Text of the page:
I'm blue, you're yellow Everton Park, Liverpool 2012 (ongoing)
The idea came as a result of my research during a residency at Yorkshire Sculpture Park in 2010/11 where I proposed the creation of habitat to help encourage and support local populations of bees and other insects. Although the meadows couldn't be planted on the YSP Bretton Estate, the Everton Park site was identified as being suitable for the development of the meadow intervention. The creation of the meadows was commissioned by Landlife, with support from the National Wildflower Centre, Liverpool City Council, Friends of Everton Park, the Liverpool Biennial and were funded by Arts Council England.
One acre is made entirely of blue flowering species, the other acre is entirely of yellow flowering species. Each acre is square in shape.
Creating a striking visual impact on the landscape, the meadows provide a rich source of food for many different species: bees, butterflies, moths, ants, beetles and hoverflies etc… which in turn attracts birds and bats to the site.
The meadows have continually changed since 2012: annual plants slowly declining, the perennial plants establishing and thriving, some species disappearing and other wildflower species coming in. The meadows are never static: they change colour with the weather, move and sway in the breeze and are alive with foraging insect life. Events held on the meadows include seeding, weeding and bee ID workshops, and they provide a resource for nature studies to local primary schools and a site for research into colour preference in pollinators by Liverpool John Moores University conservation students.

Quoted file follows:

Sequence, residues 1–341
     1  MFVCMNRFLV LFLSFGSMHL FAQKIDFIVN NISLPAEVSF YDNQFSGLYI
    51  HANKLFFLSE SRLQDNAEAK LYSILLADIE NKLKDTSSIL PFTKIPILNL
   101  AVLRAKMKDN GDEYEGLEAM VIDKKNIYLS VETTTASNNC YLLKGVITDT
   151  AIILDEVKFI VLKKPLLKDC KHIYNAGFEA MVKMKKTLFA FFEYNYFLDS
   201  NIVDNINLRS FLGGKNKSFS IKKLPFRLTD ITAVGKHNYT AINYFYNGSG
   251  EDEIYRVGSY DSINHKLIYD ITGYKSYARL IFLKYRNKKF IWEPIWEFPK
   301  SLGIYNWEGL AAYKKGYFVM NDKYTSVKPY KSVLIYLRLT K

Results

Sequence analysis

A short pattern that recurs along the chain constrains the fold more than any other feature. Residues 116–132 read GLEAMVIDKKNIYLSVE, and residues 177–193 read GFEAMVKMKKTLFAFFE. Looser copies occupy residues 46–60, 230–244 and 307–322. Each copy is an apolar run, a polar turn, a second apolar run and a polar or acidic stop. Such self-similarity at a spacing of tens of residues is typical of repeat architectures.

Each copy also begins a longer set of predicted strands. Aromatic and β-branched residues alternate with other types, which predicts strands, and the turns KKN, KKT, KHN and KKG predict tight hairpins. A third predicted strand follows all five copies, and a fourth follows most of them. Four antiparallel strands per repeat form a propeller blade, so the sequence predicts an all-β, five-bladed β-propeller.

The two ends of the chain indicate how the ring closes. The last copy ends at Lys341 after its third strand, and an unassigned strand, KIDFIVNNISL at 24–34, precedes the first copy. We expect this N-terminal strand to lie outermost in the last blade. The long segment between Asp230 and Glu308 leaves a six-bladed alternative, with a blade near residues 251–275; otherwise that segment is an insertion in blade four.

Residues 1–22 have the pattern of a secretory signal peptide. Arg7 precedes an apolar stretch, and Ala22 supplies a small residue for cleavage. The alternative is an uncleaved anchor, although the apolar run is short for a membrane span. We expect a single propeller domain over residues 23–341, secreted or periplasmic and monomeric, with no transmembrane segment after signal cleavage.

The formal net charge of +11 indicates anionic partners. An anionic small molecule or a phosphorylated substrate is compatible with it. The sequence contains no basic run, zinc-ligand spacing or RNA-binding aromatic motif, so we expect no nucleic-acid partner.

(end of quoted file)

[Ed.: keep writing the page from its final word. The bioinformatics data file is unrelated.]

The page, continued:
In 2015 the meadows were extended to cover more areas of the park with Grow Wild England Flagship award funding and further investment was secured from Eden Projects in 2018 and Liverpool City Council in 2019 - 2020 to help maintain the meadows and associated engagement projects.
Situated in Everton Park on Netherfield Road North, the meadows are in bloom during the summer months, free to visit and open all day.
Specimen sheets collected to document the species of flowers found on the site
Left: Corn Marigold Chrysanthemum segetum
Right: Common toadflax Linaria vulgaris
Left: Bee ID workshop held on the meadows
Middle: The meadows provide a resource for nature studies to local primary schools
Right: A place to play, explore and experience close contact with nature within the city
The meadows have become a rich source of forage for numerous insects: bumblebees, honey bees, solitary bees, butterflies, ladybirds, moths, hoverflies, ants, beetles, spiders etc…
The meadows have constantly changed since they were planted in 2012. They are now a patchwork of species and colours continuing to attract many different pollinators (three images above taken in 2018 and 2019).
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